Well, this was unexpected — or maybe not.
Toronto's housing market softened notably in April, with a sudden increase in homes listed for sale and a decline in homes sold.
New listings spiked 33 per cent from the same month a year earlier, while the number of sales dropped by 3.2 per cent.
"If new listings growth continues to outpace sales growth moving forward, we will start to see more balanced market conditions," said Jason Mercer, director of market analysis at the Toronto Real Estate Board (TREB).
Mercer noted that the market is still tilted in favour of sellers, and it would take months of higher listings to bring it back into balance.
"Expect annual rates of price growth to remain well above the rate of inflation as we move through the spring and summer months," he said in a statement.
Home prices held up, with the average price for all home types up slightly from the month before, to $920,791. That's up 24.5 per cent from a year earlier. Single-family homes averaged $1.21 million across Greater Toronto, up slightly from the month before.
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It's unclear what effect the Ontario government's new rules on housing had on the market. The rules were announced more than half-way through April, so their effects may not be seen until next month's data.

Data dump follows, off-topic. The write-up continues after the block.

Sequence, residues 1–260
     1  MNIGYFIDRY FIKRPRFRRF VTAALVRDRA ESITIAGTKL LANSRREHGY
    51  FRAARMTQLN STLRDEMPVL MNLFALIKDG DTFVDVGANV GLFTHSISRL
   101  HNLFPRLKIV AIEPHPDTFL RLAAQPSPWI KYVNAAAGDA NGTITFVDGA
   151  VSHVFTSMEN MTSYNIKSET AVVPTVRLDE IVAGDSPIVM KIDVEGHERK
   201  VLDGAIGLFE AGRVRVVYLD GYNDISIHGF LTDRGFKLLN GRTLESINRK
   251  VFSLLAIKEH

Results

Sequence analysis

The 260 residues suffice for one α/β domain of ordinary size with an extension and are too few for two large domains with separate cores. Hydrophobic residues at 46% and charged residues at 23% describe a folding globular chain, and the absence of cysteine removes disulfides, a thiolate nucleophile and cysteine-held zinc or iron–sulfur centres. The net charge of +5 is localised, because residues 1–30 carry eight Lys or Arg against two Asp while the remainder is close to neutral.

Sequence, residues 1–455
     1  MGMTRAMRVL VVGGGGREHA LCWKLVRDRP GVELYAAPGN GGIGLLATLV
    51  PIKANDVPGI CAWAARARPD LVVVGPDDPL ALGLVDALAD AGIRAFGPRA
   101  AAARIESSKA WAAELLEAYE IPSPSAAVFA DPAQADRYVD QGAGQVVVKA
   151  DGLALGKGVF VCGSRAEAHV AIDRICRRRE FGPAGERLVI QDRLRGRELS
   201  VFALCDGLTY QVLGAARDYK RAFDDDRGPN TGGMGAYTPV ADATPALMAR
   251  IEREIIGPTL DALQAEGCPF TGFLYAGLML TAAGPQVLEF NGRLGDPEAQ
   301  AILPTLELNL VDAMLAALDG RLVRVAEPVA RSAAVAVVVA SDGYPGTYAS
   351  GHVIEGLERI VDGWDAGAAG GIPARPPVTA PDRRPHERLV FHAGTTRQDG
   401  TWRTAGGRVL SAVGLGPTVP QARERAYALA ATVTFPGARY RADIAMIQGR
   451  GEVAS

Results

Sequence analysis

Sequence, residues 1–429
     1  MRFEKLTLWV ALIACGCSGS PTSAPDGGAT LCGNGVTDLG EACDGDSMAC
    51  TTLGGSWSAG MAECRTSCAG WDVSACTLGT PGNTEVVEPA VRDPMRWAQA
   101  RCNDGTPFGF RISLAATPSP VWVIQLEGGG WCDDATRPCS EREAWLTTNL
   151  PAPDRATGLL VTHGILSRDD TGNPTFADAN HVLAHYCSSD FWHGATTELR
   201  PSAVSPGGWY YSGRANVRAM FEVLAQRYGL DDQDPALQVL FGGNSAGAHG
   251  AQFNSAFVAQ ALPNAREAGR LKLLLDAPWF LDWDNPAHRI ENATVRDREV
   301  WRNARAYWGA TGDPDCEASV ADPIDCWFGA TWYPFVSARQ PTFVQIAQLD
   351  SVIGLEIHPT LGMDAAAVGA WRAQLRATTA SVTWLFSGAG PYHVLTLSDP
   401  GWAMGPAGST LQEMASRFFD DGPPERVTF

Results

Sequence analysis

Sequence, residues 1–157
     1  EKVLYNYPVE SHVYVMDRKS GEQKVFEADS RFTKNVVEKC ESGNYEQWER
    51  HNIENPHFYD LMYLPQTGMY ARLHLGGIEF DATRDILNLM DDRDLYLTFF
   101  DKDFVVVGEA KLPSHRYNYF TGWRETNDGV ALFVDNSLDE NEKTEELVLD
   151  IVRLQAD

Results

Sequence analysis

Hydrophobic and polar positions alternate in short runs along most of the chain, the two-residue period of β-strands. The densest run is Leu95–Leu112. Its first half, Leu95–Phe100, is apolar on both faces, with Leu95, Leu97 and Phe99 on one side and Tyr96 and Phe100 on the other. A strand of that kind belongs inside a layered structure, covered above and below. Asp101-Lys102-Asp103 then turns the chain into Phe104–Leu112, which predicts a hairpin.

The provincial Liberals announced last month a slate of new measures meant to cool off southern Ontario's house prices, which a growing number of analysts say have entered bubble territory.
Among the rules are a 15-per-cent tax on foreign speculators, an expansion of Ontario's rent controls, and the ability for cities to levy a tax on vacant homes.
But research released by TREB on Wednesday suggested those measures may not do much to cool off Toronto's housing market. TREB's survey found that 2.2 per cent of homes sold in Toronto in 2016 went to foreign buyers, with that number rising slightly to 2.6 per cent in the first quarter of 2017.
The TREB survey also suggested house-flipping is a reality in Toronto's housing market, though it may not be as pervasive as some observers think. Some 5 per cent of transactions in 2016 involved homes that had previously changed hands within a year. That number jumped to 7 per cent in the first quarter of 2017.
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